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Lauryn Seering

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FFRF ends Florida team chaplain programs

The same Florida school district that is allowing atheists to distribute literature is now abolishing athletic chaplaincies for its teams and removing bible verses from sports venues and apparel.  

The Freedom From Religion Foundation, a national state-church watchdog, has contacted Orange County Public Schools about more than 10 violations in the past 18 months. 

In March, FFRF blasted the schools for allowing team chaplains, putting bible verses on the field and team gear and for including religious music on game footage. Earlier this month, Orange County issued a memo addressing these problems.  

“Having a team chaplain is not permitted as it is an unconstitutional endorsement of religion in the same manner as a school employee participating in prayer with students,” the memorandum stated. “In this area the law is very clear.” 

Regarding teachers, coaches, and other staff praying with students, the Office of Legal Services wrote: “On this issue the matter is well decided that school personnel “cannot participate in a visible way with the players” during student-led prayer. . . . Please make sure to educate the staff at this and other schools that active participation by any School Board employee and/or non-faculty coach in student-led prayer must not occur as it is contrary to established case law.”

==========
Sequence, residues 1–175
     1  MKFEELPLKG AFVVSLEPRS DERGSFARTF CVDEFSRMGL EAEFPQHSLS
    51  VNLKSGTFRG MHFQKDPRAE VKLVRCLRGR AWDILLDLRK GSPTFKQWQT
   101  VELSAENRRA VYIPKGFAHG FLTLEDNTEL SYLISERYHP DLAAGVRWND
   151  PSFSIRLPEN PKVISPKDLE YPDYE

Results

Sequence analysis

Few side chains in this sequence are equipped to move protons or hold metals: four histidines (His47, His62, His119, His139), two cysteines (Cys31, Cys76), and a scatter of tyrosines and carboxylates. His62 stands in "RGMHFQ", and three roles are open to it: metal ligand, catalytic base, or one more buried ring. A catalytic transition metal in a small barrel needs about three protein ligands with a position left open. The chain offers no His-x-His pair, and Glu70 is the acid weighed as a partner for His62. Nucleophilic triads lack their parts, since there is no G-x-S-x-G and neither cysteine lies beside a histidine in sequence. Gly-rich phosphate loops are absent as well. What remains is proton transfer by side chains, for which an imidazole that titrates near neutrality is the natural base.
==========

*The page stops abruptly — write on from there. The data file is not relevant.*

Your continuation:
The school also properly got rid of the bible verses on team signs and apparel, the memo said. “While the signs themselves may be permitted, the reference or citation to a particular Bible verse is deemed to be an unconstitutional endorsement of religion.” 

The school even agreed with FFRF about banning religious music in videos: "The usage of religious lyrics could be seen as an unconstitutional endorsement of religion.”

Of course, the Religious Right is in an uproar. On Fox News, Bobby Bowden, retired Florida State University football coach, noted that he didn’t care about the Constitution or the First Amendment prohibition, “I’d do it anyway. . . . I don’t care about political correctness,” Bowden said, “I want to be spiritually correct.”  

There is an open question as to whether the schools will allow the chaplains to remain by simply by changing their name to “life coach,” which FFRF maintains is impermissible. This was only “reported” by Todd Starnes, an extremely conservative Fox News columnist. Starnes, not known for his accuracy or balance, also wrote that “FFRF is attempting to . . . eradicate Christianity in the public marketplace of ideas.”  

“If this ‘life coach’ nonsense is accurate, Orange County can’t avoid this issue with creative wordplay,” argued Staff Attorney Andrew Seidel, who’s been handling the Orange County complaints for FFRF. 

“The school cannot give preachers access to a captive audience of public school students for a religious purpose, like prayer. Does Orange County really expect people to believe that chaplains, now life coaches, will keep their religion and their bible to themselves? Does the school actually want to be in the business of regulating religious speech? We think not,” added Seidel. 

FFRF still has a number of outstanding complaints with the district, including school-sponsored baccalaureates, holding school events in churches,and forcing students to stand for the Pledge of Allegiance. But, if this memo and Orange County’s capitulation allowing FFRF to distribute atheist literature to students are any indication, these issues could soon be corrected.

After the Freedom From Religion Foundation contacted a West Virginia school district over a four-year-old kindergarten program run by a religious daycare center and overseen by the district, State Superintendent of Schools Charles Heinlein advised that West Virginia 4K providers must not offer religious programming as part of public instruction.